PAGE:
Second, the rabbinic view of Calenda and Saturnalia as corrupted versions of Adam’s festivals is particularly baffling. In a tractate devoted to distancing Jews as much as possible from the corrupting influence of idolatry, why claim any connection whatsoever between the idolatrous festivals of Rome and the holy sanctification of G-d’s Creation? Were the rabbis attempting to retain a monopoly over the sanctification of Creation? Was it easier to charge Rome with appropriating and perverting Adam’s Tevet Solstice than it was to admit that Rome had independently enshrined the Winter Solstice as a sacred occasion? If the latter approach risked putting the Roman god Saturn on the same level as the G-d of Israel, the former ensured that the G-d of Israel remained supreme.

The path of theological supremacy represented by the former approach may be useful under siege, occupation or exile, but it is of limited use to those of use committed to living as Jews in a pluralistic society. Rather, we need to formulate, refine and maintain strategies that enshrine our Jewishness without engaging in theological chauvinism that sees our G-d as better or in cultural separatism that demands disengagement from non-Jews during their religious holidays.

Even as the approach suggested by Avodah Zarah is obsolete and impractical for Jews in America, I would argue that it does offer us a kernel of meaningful relations with non-Jews. The common element that the rabbis recognize in both Calenda/Saturnalia and the festivals of Adam is the Winter Solstice. Likewise, many Christmas traditions actually preserve pre-Christian celebrations of the Winter Solstice: December 25 was the birthday of the Late Roman sun god Sol Invictus; gift giving was part of the Saturnalia festivities; and the Yule Log was a component of the Germanic pagan mid-Winter festival of Yule. Like the light-giving Yule Log, candles were an important component of Saturnalia, which some ancient sources describe as a “festival of light.” Many contemporary Christians light Advent candles in the weeks leading up to Christmas. Jews light candles on Chanukah, which straddles the months of Kislev and Tevet. And the relatively new African-American holiday of Kwanzaa features a candle-lighting ritual, wherein each candle represents one of the Seven Principles of Kwanzaa.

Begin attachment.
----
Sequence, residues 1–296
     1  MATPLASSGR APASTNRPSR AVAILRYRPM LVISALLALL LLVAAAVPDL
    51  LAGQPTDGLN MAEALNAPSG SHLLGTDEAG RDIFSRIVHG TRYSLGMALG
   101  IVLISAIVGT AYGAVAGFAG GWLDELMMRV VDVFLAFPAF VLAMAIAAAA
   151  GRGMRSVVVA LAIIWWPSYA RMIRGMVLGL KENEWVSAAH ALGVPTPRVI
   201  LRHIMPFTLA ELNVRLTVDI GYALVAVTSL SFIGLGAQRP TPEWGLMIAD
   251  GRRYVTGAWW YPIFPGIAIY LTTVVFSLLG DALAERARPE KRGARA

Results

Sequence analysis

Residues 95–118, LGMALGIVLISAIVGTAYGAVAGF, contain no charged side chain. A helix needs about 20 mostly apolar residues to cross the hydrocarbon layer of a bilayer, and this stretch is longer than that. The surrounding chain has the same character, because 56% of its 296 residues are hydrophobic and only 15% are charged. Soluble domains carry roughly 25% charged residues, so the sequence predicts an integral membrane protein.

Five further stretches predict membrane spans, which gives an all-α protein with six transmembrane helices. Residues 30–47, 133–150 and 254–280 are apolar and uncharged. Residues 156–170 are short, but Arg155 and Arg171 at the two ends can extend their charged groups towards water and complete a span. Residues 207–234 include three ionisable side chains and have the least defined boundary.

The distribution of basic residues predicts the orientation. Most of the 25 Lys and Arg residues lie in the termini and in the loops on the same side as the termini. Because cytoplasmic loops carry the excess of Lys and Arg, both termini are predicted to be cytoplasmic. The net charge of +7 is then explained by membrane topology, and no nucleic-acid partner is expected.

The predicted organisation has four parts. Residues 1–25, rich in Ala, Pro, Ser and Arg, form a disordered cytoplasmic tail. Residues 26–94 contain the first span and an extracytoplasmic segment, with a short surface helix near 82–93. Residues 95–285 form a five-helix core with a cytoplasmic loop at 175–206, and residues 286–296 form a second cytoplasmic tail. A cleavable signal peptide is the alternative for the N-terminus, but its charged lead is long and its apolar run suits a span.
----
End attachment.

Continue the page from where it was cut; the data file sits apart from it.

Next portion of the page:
The gods are different, the cultures and languages are diverse, and the worldviews may even be incompatible if not outright antagonistic to one another. However, what all of these holidays share is the goal of helping believers survive the shortest, coldest and darkest days of the year; of cultivating hope and trust in the face of uncertainty and fear; and of linking the individual, the community, the natural world and the Divine in a web of deep and vital meaning. Their common element is a belief in the natural world as a place of holiness and purpose, a sacred realm of seasons and cycles. If we can cultivate a Jewish environmental ethos—a system of values, wisdom, rituals and skills that enable us to better inhabit and steward the natural world—our Judaism will certainly be more fulfilling. It would also enable us to converse and cooperate even more effectively with non-Jews who are engaged in similar work in their own traditions. I can think of no better common ground than the Earth itself.